We've already seen how this "say in the plans" is going to work. We've gone through multiple surveys, and Zoom "town hall" meetings. Last night the district answered questions. Well, some questions anyway. They love to answer questions about Chromebooks. They skip over questions about how students will receive feedback, will papers be marked up and returned, etc.. This is because they have no intention of providing feedback. They really danced … Read More

    We’ve already seen how this “say in the plans” is going to work. We’ve gone through multiple surveys, and Zoom “town hall” meetings. Last night the district answered questions. Well, some questions anyway. They love to answer questions about Chromebooks. They skip over questions about how students will receive feedback, will papers be marked up and returned, etc.. This is because they have no intention of providing feedback. They really danced around the distance learning issue and spend maybe 80% of the time talking about in-classroom hybrid models and other nonsense that just can’t happen.

    I asked the local union leader directly if they were opposed to distance learning and was ignored. Not one of my kids teachers has a real syllabus, one that outlines week by week what is planned for the semester. I’m convinced that the weak teachers want to hide in the classroom away from accountability and are holding back distance learning at any cost.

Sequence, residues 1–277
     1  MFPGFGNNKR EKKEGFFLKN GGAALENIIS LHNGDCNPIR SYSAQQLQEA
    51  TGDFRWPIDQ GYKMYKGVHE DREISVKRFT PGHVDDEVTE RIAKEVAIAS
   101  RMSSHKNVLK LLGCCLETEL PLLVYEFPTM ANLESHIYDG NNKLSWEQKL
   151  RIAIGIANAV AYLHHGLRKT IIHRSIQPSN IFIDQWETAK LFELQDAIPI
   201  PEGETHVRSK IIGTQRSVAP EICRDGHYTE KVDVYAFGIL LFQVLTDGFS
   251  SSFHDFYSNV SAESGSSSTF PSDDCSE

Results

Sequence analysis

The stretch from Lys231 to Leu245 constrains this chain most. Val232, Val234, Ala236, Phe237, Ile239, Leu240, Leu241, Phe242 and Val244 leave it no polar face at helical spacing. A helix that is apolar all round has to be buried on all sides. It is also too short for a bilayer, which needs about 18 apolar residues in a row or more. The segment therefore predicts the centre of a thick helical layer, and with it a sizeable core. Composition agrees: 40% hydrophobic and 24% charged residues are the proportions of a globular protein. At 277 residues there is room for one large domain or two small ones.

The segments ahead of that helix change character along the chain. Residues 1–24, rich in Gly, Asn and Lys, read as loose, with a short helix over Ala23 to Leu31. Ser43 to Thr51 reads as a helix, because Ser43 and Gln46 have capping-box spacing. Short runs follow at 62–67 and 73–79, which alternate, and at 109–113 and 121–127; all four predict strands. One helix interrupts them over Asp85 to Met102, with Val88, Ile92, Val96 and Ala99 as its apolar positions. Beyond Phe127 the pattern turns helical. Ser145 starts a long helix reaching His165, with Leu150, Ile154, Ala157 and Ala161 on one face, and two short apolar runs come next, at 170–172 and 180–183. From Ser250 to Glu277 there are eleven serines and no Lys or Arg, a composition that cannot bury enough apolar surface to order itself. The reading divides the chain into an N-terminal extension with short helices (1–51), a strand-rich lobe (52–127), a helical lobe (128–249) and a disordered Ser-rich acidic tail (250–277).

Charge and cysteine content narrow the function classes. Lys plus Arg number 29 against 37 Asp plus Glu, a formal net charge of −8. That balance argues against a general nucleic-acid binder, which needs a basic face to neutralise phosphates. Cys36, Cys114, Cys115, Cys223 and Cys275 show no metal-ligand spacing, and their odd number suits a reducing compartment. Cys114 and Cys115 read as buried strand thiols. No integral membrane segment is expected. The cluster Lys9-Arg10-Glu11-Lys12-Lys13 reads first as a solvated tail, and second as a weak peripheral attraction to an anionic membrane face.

2. Marie 3 weeks ago3 weeks ago

    My comment was originally a couple paragraphs long explaining what a teacher does, how we are paid and so on then deleted it. I will say that I became a teacher 20 years ago, with this being my second career, having children and staying home with my kids for awhile etc. I live my job. What I don’t understand is how people who have never taught or spent time (lots of time) in a … Read More

    My comment was originally a couple paragraphs long explaining what a teacher does, how we are paid and so on then deleted it. I will say that I became a teacher 20 years ago, with this being my second career, having children and staying home with my kids for awhile etc. I live my job. What I don’t understand is how people who have never taught or spent time (lots of time) in a classroom can ever understand what we do. I began by explaining, then realized it’s pointless you will never understand because it is easier to blame the teacher.